• The pupil desires a toy as an antecedent.
  • The pupil states “toy” as a behavior.
  • As a result, the pupil will get a toy.

The learner learns that choosing the proper term to describe what they want will obtain them what they need from other people after going through this process many times.


A tact is a name or label given to an item. Tact is the capacity to appropriately classify objects and events that you come into touch with in your environment. In other words, tact is a manner of sharing a personal experience. When a youngster sees a vehicle, for example, he or she will say “car.”

“What is it?” is a good approach to figure out what tact is being used in a circumstance. The student’s response to the question reveals what they are going through via their choice of words and language.


The intraverbal operant is a more complicated linguistic construct. People who are able to answer a question without a visual clue in front of them, such as an item they are looking at, are said to be able to do so. You may answer a query like “What is your name?” using intraverbal language abilities. or “What school do you attend?”

The following is an example of an intraverbal intervention:

  • “What animal has wings?” the therapist inquires.
  • “Bird” is the student’s response.

Simple fill-in-the-blank tasks, such as having the learner fill in missing words to their favorite book or song, may also be used as intraverbal therapies.


Echoic refers to a term that is repeated or echoed, according to Autism Speaks. It is a kind of imitation that aids in the confirmation of the student’s accurate language use. The therapist or instructor will say something that the pupil will have to repeat. The pupil practices utilizing words appropriately by repeating the right word.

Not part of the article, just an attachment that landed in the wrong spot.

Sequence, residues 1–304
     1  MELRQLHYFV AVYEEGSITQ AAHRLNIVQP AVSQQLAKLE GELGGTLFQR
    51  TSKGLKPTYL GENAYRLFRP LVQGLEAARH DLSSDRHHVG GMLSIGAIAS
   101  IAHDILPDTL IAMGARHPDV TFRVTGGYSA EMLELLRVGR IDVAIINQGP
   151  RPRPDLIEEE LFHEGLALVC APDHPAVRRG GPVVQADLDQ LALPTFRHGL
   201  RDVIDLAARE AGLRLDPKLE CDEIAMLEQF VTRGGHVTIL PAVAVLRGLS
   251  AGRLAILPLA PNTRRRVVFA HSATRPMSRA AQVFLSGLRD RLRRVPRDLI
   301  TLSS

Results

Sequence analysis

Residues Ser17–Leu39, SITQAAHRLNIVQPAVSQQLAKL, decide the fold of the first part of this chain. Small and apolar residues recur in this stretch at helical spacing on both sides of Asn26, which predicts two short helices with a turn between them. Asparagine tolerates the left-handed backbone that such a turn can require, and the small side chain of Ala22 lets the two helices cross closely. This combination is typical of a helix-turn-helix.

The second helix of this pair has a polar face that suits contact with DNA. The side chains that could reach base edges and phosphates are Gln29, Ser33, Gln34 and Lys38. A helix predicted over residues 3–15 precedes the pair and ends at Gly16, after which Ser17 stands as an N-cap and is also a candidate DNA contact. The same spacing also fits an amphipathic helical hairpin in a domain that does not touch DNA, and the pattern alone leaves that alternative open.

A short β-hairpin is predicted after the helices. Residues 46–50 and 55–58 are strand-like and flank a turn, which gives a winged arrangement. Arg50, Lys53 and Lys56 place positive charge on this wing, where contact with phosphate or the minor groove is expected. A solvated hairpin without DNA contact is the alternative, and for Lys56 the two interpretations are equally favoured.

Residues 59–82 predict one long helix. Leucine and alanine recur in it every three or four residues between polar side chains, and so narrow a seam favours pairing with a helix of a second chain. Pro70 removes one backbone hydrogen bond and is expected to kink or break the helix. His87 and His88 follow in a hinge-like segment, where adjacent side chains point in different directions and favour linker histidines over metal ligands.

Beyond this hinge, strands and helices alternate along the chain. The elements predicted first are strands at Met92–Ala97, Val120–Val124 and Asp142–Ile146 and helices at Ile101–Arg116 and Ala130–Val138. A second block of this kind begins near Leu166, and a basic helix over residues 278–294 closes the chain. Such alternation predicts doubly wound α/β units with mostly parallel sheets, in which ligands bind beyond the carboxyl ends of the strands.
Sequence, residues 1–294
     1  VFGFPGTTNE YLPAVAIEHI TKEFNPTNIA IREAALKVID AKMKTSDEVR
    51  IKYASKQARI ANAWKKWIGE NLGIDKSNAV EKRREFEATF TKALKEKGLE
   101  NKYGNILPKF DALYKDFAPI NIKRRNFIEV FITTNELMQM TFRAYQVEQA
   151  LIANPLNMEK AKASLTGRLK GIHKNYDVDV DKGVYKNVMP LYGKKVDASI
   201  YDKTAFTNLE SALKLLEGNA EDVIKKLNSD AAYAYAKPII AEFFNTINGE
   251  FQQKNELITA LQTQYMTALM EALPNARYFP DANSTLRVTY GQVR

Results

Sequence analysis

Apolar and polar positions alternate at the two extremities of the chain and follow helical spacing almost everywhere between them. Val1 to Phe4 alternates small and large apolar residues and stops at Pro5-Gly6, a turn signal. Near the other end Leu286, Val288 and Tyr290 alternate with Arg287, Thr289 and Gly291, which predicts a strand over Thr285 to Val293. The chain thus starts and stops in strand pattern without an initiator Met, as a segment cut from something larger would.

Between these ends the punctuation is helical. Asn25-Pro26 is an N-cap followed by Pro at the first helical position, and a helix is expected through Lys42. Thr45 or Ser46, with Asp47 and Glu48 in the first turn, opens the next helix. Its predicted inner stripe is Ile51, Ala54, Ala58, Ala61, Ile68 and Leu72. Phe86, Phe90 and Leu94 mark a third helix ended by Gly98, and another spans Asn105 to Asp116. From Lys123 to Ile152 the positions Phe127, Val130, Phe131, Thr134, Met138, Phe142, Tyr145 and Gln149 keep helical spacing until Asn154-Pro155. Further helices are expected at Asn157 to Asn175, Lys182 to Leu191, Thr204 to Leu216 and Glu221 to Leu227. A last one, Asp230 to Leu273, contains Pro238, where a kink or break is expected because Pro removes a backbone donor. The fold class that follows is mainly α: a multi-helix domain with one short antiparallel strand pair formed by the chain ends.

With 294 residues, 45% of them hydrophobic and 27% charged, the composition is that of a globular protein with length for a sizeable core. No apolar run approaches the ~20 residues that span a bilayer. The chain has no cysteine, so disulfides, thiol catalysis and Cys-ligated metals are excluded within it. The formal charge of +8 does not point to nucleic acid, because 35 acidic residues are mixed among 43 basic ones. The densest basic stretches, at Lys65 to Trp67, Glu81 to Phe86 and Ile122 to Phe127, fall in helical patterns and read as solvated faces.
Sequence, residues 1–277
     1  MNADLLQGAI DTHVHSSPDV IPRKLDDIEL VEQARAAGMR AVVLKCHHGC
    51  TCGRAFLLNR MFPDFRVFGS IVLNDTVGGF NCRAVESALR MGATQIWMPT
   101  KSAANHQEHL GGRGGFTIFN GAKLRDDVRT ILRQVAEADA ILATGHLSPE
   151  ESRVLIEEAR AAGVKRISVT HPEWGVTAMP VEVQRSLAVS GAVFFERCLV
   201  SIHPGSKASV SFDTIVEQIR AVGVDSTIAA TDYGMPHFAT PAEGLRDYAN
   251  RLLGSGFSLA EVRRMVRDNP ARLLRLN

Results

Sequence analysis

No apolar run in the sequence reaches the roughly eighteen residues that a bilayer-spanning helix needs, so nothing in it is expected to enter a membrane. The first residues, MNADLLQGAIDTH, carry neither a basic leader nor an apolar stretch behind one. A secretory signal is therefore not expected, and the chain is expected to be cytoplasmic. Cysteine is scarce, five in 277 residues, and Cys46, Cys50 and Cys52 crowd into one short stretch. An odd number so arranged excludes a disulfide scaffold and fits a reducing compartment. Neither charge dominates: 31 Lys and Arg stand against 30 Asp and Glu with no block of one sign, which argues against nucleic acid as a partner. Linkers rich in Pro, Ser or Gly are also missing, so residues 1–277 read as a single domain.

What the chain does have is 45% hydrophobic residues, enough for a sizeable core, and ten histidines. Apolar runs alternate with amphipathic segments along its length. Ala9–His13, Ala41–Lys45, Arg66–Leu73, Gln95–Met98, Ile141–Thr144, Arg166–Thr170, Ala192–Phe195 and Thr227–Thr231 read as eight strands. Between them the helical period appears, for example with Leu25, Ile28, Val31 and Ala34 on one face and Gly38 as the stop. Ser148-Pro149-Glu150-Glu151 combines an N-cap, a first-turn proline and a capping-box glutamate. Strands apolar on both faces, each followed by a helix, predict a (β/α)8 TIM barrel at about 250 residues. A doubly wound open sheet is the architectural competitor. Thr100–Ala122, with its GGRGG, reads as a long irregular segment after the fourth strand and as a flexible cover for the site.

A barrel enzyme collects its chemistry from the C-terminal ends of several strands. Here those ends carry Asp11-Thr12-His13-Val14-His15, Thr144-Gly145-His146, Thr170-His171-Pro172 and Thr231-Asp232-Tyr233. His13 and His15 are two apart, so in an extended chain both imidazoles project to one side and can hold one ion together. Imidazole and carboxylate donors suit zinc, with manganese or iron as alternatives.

The learner is asked to repeat what the speaker stated through echoic interventions. For example, the speaker may say “book” while pointing to a book. After that, the pupil says, “book.”

Listener’s Reaction

Listener’s Reaction means following directions, and it exhibits how much language a student understands. Rather than being an expressive language skill like the other operants, Listener’s Reaction is a receptive language skill.

Some children develop stronger receptive language than expressive, so it is important to develop this side of language as well. Listener’s Reaction interventions teach students how to follow basic instructions.

Here is an example of a Listener’s Reaction intervention:

  • The learner is prompted to touch an image of a dog as an antecedent.
  • The student’s behavior is that he or she touches the image.

Imitation of Motors

Imitation of Motors refers to the student’s ability to copy what another person is doing. Verbal instructions may be part of the intervention, though they do not need to be. For example, the therapist claps their hands; the child should then copy this action and also clap their hands.

The speaker may tell the student to copy them or do as they are doing, but they do not have to. When the Imitation of Motors operant is mastered, no instruction is needed.

ABA Therapy Providers

Behavior therapists, educators, and caregivers involved in a student’s ABA program may apply the concepts of verbal behavior therapy and verbal operants. Using verbal operants to assist your kids acquire a functional grasp and use of language is a good idea.

According to some experts, ABA providers should educate across all operants. Incorporating all operants throughout a curriculum, rather of concentrating on just one ability at a time, helps pupils retain language. Teaching across the operants is a good method to broaden language abilities, especially in more advanced language programs like those that concentrate on categories and function.


Verbal operants are the building blocks of language. They are the words, phrases and sentences that we use to communicate with one another. In order to understand how verbal operants work, it is important to be familiar with some basic terms. Reference: verbal operants chart.